Autobot logic: from machine vision to transmission control

    A. Zhukovsky, S. Usilin, V. Postnikov

    Today we want to talk about a new project that we started a little over a year ago at the Department of Cognitive Technologies at MIPT.

    It consists in creating a machine vision system, a robot - a car ( Fig. 1 ), which in real time should process the video stream, recognize the surrounding scene, detect objects and form a control action aimed at solving the task.

    Fig. 1

    At the same time, we did not try to completely recreate the real conditions of the road scene, eliminating all the charms of small-sized modeling.

    To begin with, with simple examples, we wanted to work out the basic architectural components of the system (the base for obtaining a video stream and distributed processing on a combination of minicomputers and video cameras, like the prototype System – on – a – Chip (SoC)), which are potentially suitable for solving more complex problems.

    We taught the robot to move along the corridor and detect simple objects, for example, an orange traffic cone. The task was that he could drive up to the object and stop. And then they decided to play with the ball. In the current version, if the ball is in the field of view of the camera, the robot detects the ball, accelerates and pushes it with a bumper. If the ball leaves the field of view of the camera, then the robot begins to search for it.

    The video was shot during a report at the autumn conference of young scientists at MIPT,
    right in the corridor of the main building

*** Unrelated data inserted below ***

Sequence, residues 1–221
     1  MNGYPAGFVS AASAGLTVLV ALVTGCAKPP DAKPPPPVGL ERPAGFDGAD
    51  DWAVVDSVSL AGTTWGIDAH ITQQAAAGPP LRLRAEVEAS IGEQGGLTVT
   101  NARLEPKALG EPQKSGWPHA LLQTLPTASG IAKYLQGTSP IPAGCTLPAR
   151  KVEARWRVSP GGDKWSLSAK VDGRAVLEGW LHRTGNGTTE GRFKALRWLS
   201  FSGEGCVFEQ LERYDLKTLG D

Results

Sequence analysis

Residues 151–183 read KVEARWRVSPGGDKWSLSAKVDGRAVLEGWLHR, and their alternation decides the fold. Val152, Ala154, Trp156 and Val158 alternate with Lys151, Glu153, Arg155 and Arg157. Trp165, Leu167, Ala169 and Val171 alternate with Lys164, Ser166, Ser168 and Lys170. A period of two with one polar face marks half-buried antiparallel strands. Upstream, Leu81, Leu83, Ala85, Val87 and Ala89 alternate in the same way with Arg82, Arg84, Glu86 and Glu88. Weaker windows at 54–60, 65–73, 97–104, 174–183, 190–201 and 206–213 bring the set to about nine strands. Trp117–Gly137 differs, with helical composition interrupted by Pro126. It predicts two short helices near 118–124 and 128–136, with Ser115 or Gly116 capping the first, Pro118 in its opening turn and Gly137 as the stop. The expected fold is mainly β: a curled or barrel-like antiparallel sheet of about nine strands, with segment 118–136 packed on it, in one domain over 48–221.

Now we are teaching the robot to go through the "snake" for a while. This exercise allows you to evaluate the quality of the control system and its progress from version to version. And also compare with the quality of manual control with human participation.

    Initially, our robot contained only a control computer, a camera, and, in fact, a chassis. This is a model of a sports SUV Traxxas Slash 2wd made in a ratio of 1:10. ( Fig. 2 , Fig. 3 )

    Fig. 2 Traxxas Slash 2wd

    The chassis controller is based on the Arduino nano, but in fact, only the ATMega32 microcontroller is used from it.

    A little later, we added a front sonar to the circuit to control the distance to obstacles - in other words, to prevent the robot from bumping into corners and walls.

    Fig. 3 Traxxas Slash 2wd

    If in the first version, the robot broadcast the video via HTTP back and the control signals were generated on the desktop, then in the current version 2.0 (shown in the video) the entire cycle is closed on board, and the main load on the video processing fell on the Odroid U2 minicomputer. ( Fig. 4-1 )

    In addition to the computer, equipment version 2.0 includes:

    • robot control device (Fig. 4-2);
    • Logitech HD Pro C920 / Genius WideCam 1050 video camera (an almost arbitrary webcam can be used) (Fig. 4 -3);
    • ASUS USB-N10 Wi-Fi adapter (Fig. 4 -4);
    • USB hub (Figure 4-5)
    • Sonar LV-MAXSONAR-EZ2 (Fig. 4-6)

    Fig. 4

    The functions of the robot control device include:

    1. implementation of control computer commands :
      • generating PWM control signals,
      • external load control (7 channels);

    2. processing signals from sensors :
      • sonars (8 channels),
      • Hall Sensor,
      • battery voltage sensor (ADC);

    3. robot protection :
      • frontal sonar emergency stop,
      • stop upon loss of control signal.

    Fig. 5 Robot equipment diagram

    Now we are collecting the 3rd version. In it, the video stream capture system will already include two professional IDS video cameras, the video signal from which (including object detection) will be processed on separate minicomputers, which in turn are connected to the central minicomputer, which performs the final scene recognition and generation of control actions.

    It is also planned to put several sonars around the perimeter of the robot in order to more fully represent the environment for solving parking problems.

    A lot of improvements are planned for the future, for example, we want to hang lighting equipment similar to real cars on the robot, for which some of the parts are printed on a 3D printer. This is necessary to simulate the movement behind the car in front with the support of a certain distance (the case of movement in a dense stream or traffic jam).